Archive for December, 2009

Selling electricity

My wife’s grandfather died last Wednesday. He was 96, and though he had been fading for years, he had lived an amazing life. The memorial service, with many of his 20+  grandchildren and 40+ great-grandchildren attending, felt less like mourning and more like a celebration of his life. Many wonderful stories were shared.

Barb’s grandfather had worked for Thumb Electric (look at a map of Michigan, and the rural area called the “Thumb” sticks out like a sore one). Barb’s grandfather was part of a crew that literally brought electricity to this part of Michigan.  One of his jobs was to get farmers to “sign up” for electricity. If he could get a whole street to sign up, then the wires would be brought in.

I remember him telling me stories about how hard it was to convince farmers to buy into electricity. What did they need electricity for? Their farms worked, just as they had for years. Some farmers might have heard about some new-fangled device (say, a milking machine) that they wanted.  But most farmers were happy with what they had.  He was selling a dream of what things might be like if they had electricity.

It seems hard to believe, in hindsight, that farmers might not want electricity. Until it was ubiquitous, there weren’t that many devices that needed it.  Until the devices came along, it’s usefulness was unproven.  Buying into electricity was paying a cost with uncertain benefit. Grandpa Hund was selling a dream.

Selling real computing education to teachers at the high school level or as part of a general education requirement in college feels like a similar challenge.  Andy diSessa has been talking for years about what it would be like if there was ubiquitous real computer literacy.  Seymour Papert had a vision for “mathland,” realized through computation, where students would learn math naturally, with the involvement of a community of elders (like in a Samba school).

The first challenge to overcome, like with electricity, is to show that there’s something more to be gained.  “My students make their own Excel spreadsheets. Some of my kids make Flash animations.”  How do we convince that teacher that real computation is so much more powerful?  How do we show that knowing how to program, not at a professional level but with real understanding, allows students to explore ideas in ways that no application will ever support?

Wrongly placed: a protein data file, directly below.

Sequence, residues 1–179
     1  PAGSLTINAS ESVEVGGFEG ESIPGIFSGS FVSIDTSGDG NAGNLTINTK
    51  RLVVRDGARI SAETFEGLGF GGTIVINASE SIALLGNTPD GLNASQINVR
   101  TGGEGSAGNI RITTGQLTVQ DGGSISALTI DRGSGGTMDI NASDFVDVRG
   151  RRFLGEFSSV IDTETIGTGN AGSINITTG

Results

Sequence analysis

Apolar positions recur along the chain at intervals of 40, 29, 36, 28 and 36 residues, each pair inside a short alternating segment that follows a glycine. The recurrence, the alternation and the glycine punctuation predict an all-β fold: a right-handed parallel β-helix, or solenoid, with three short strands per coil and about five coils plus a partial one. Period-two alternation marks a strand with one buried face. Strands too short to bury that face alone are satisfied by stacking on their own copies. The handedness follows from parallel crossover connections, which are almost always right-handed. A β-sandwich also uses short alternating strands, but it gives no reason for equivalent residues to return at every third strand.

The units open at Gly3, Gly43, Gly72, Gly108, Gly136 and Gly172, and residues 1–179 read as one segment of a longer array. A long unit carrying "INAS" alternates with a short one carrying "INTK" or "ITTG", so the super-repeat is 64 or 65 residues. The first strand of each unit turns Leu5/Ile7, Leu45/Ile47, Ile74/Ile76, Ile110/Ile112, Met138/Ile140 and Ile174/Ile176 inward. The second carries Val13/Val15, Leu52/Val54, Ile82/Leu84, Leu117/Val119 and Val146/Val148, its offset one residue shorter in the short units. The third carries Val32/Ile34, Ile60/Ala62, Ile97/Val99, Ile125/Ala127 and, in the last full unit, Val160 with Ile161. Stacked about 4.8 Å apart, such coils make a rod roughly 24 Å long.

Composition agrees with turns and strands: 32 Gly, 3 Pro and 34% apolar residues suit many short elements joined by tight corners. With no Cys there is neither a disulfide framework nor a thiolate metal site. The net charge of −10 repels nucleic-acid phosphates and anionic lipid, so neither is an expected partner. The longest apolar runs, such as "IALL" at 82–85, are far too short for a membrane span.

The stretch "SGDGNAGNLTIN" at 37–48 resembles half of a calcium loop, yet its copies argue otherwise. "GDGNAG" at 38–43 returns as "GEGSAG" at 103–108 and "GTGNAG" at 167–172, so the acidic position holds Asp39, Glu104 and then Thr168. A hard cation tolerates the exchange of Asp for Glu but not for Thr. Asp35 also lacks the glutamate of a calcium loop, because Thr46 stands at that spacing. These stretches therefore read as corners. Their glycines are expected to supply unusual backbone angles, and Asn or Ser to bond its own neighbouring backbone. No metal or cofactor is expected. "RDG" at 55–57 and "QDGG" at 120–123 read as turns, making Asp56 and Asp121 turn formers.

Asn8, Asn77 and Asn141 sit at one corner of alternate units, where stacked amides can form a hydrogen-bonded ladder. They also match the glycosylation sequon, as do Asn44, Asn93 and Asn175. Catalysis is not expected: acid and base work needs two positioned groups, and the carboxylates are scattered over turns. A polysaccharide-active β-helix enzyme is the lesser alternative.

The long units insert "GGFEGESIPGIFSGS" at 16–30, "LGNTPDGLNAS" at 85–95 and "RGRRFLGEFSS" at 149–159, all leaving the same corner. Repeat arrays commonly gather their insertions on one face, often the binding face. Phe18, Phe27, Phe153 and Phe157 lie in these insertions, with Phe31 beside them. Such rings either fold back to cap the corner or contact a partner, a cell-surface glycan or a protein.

The second challenge, again like electricity, is to show that the price is affordable.  “Programming is too hard.  My students can’t stand all that syntax. Programming is a menial task that is being off-shored.”  This challenge is made greater by computer scientists who encourage the view that real computer science is  reserved for the wizards.  Only those who know the mystic arts of diagrams (like UML) and archetypes of spells (like design patterns) should be allowed to speak the magic words (as arcane as we can make them, like “public static void main.”)

Really knowing computing can be as powerful as electricity.  Selling it can be as hard.  Since Grandpa Hund’s funeral was lit up with electric lights and warmed with electric heating, he showed that there is a way to sell it.

December 28, 2009 at 6:43 pm Leave a comment

What’s practice for CS1 before CS1? Explaining talent for computing

Talent is the desire to practice.

Malcolm Gladwell, via The Corsair.

I have met with a lot of CS faculty over the last four years of  “Georgia Computes!” They tell me about their high failure rates and low student performance.  When I ask them what they think explains these results, the answers are surprisingly consistent, “Some students just get it, and others just don’t.”  I don’t buy the explanation — I see it as another symptom.  Some students do just get computing, and others don’t. But why?

Michael Caspersen has done several reviews of the studies trying to predict success in CS.  There’s not much conclusive out there.  Math ability is sometimes a predictor, and sometimes not.  Access to computing is sometimes a predictor, and sometimes not.  Perhaps the best predictor of success in CS1 is a previous attempt at CS1.  Fewer people fail it the second time?

I recently found the above quote from Malcolm Gladwell, and really liked it.  Let’s assume that Gladwell is right, that the “talent” that some students have is a willingness to practice. What kind of “practice” might some students get, that other students don’t? Let’s make one other assumption, based on what the faculty are telling me.  If some students “get it” and others  “don’t,” then let’s assume that whatever is going on in the class is not making the difference.  If faculty aren’t seeing what’s making a difference, it’s reasonable to believe that the difference is practice happening before the class or outside the class.

Maybe the worked examples literature helps to explain what’s going on.  When I was first learning computing, I read a lot of programs.  I read books like David Ahl’s Basic Computer Games with a hundred interesting programs.  Every issue of Byte and Dr Dobbs (“Running light without overbyte!”) had a half dozen or more complete programs in it.  Today’s Dr Dobbs contains hardly a single complete program.

Maybe the difference between those students who “get it” and those who “don’t” has less to do with writing programs than reading programs.  How much reading do we ask students to do these days?  How much do students read programs outside of class?  Maybe some do, and maybe that makes a difference.